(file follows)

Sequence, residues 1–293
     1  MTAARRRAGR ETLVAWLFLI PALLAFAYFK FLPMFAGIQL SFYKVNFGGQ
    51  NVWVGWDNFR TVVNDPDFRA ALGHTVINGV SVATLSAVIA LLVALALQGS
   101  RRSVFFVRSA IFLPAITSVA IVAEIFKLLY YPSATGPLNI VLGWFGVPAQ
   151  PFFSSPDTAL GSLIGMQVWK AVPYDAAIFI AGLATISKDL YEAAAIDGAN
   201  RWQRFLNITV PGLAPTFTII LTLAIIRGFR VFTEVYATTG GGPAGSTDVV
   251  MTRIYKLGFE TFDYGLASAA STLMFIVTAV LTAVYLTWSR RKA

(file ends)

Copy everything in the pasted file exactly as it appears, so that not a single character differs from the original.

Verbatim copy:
Sequence, residues 1–293
     1  MTAARRRAGR ETLVAWLFLI PALLAFAYFK FLPMFAGIQL SFYKVNFGGQ
    51  NVWVGWDNFR TVVNDPDFRA ALGHTVINGV SVATLSAVIA LLVALALQGS
   101  RRSVFFVRSA IFLPAITSVA IVAEIFKLLY YPSATGPLNI VLGWFGVPAQ
   151  PFFSSPDTAL GSLIGMQVWK AVPYDAAIFI AGLATISKDL YEAAAIDGAN
   201  RWQRFLNITV PGLAPTFTII LTLAIIRGFR VFTEVYATTG GGPAGSTDVV
   251  MTRIYKLGFE TFDYGLASAA STLMFIVTAV LTAVYLTWSR RKA